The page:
In Search of the Beyond | Artist Hyunmin Ryu

Hyunmin Ryu

Born in Daegu, South Korea, artist Hyunmin Ryu graduated from the Slade School of Fine Art, UCL, London with an MFA in Fine Art Media in 2012. Winner of a Slade Award, Hyunmin's contemporary practice includes photography, film and installation. At times urban and mundane, at times fantastical, his work explores human longing and a sense of failure and emptiness, capturing the humour, sense of humility and repetition that characterises everyday life. We caught up with him on his return home.

Hyunmin, how did growing up in Korea influence and encourage your creativity? What kind of art, photography and film did you see as a child?

When I was a child, I was not exposed to art except in school program. I also wasn’t really interested in art. Instead of the influence of art, I suppose that the conservative atmosphere of Daegu and my reaction to it influenced me to build my artistic sensibility. (Daegu is the most conservative city in South Korea.) In the atmosphere, I felt sort of anxiety and discomfort from the relationship between individual and society. I suppose, doing art is helpful to relieve and reveal the feeling. When I tell my childhood friends I am an artist now, every single one of my friends cannot believe it. I couldn’t distinguish myself in the art class like fine art, music or literature, but I was an extremely mischievous boy especially in elementary school.

In your writings about your art you talk of the feeling of ‘loss of human beings who have been frustrated to face the reality in pursuing their ideals’ and how your work captures the concept of the human being ‘continuously seeking perfect ideas’. Tell us more about how you developed the themes and ideas behind your work?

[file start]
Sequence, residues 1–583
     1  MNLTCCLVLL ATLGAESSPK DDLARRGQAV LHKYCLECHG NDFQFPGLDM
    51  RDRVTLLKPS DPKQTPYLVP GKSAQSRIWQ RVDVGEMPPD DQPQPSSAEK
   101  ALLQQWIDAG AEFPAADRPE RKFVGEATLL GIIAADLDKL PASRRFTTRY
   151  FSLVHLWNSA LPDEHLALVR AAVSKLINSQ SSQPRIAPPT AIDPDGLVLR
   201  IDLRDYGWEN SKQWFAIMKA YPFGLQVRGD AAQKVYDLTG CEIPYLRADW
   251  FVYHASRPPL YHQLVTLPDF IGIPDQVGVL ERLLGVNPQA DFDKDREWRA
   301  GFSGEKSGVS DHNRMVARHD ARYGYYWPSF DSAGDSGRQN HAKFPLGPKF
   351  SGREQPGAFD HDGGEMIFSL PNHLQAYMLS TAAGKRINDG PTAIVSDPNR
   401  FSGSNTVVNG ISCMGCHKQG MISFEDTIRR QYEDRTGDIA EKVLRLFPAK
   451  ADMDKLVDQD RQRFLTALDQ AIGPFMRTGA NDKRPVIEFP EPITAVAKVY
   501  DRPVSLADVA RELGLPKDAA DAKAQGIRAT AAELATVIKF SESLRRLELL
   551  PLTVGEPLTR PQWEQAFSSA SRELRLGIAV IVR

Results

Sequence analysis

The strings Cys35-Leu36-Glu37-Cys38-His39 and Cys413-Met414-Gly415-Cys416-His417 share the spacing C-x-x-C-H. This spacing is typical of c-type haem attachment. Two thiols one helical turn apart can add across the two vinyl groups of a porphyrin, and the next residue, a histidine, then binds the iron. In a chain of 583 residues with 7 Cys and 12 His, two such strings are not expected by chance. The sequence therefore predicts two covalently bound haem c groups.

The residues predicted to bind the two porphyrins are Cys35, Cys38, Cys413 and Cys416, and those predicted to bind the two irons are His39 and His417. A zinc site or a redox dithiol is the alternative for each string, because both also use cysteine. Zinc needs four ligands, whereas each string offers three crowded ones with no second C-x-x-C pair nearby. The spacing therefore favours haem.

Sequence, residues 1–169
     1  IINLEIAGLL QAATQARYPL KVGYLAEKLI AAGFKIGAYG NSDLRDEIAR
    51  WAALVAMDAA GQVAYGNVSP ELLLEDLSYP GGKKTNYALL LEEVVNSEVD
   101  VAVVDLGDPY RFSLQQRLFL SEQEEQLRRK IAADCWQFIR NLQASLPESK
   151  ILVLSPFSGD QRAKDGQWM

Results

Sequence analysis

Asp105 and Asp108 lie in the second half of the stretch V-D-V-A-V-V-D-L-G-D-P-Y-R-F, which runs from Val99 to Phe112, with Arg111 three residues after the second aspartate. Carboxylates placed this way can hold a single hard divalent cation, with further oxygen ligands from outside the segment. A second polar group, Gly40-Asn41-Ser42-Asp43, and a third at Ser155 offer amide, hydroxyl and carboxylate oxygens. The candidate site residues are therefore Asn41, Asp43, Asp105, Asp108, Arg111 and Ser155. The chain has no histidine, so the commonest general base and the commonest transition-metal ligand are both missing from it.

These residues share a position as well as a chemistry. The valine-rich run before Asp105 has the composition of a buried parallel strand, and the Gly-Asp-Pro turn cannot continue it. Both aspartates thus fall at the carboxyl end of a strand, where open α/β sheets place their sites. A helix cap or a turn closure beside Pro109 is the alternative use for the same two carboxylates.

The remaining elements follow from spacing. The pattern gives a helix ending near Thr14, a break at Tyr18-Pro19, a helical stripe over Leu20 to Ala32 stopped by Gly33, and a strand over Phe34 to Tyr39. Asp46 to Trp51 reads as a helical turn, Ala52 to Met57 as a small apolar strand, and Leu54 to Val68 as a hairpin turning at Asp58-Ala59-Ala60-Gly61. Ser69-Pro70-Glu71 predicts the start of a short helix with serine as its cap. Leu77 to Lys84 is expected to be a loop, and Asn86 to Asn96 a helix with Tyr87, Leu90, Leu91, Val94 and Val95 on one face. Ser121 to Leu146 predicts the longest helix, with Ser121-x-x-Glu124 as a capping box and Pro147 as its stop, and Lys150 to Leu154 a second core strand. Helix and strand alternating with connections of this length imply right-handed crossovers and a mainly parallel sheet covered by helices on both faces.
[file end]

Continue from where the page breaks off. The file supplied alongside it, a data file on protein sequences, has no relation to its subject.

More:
Only human beings are capable of reason and each other’s reason is limited in the specific physical condition that he or she belongs to. The thing is, the reason is almost always towards somewhere beyond the physical condition, so we live in the gap between the reality and the beyond.

What is it like working as an artist in South Korea? How is the art scene different to London?

I have participated in a residency program and several group exhibitions in South Korea and UK. Actually I don’t really have experience of the art scene in Korea but I feel South Korean art is dynamically growing and the public is becoming more and more friendly to art. But, I think compared with UK, the diversity and infrastructures in South Korea are not enough yet.

In your day to day life are you and others aware of the political situation between South Korea and the North or does everyone remain largely unaffected?

Yes, when the North Korea nuclear issue is happening, Korean mass media crazily broadcasts it. So, of course we are aware of it but people in South Korea seem to choose to turn away from the issue, except politicians. South Korean has been through so many North Korean risks and we might be numbed with it. One issue covers the other issue and the issue covered by another issue. Eventually something happening is becoming daily life. With the sense, I think everyone has anxiety from banality of everyday life.

What’s next for you? Can you tell us about any projects you have coming up?

At this moment, I am preparing my solo show in Daegu Arts Centre. For the show, I am making some video and some object works. After I finish the show, my plan is to do a project with my father. My father and I are going to have absurd journey. We will try to find the way through North Korea to explore the continent (to go to beyond). The result of the work is going to be documents of the journey. With the work, I want people can think about intersected feeling between the intimate relationship between father and son and the political situation which is impossible to transcend.

Can you tell us one thing that has inspired you, whether it be today, this week, month, or in your lifetime…?

I am inspired by so many mundane things, like the many different compositions of traffic cones on the street in my town. Ah, most recently I’ve really got into my 2 year old nephew.

© All film & images Hyunmin Ryu

Art, Editor's PicksDebra Drew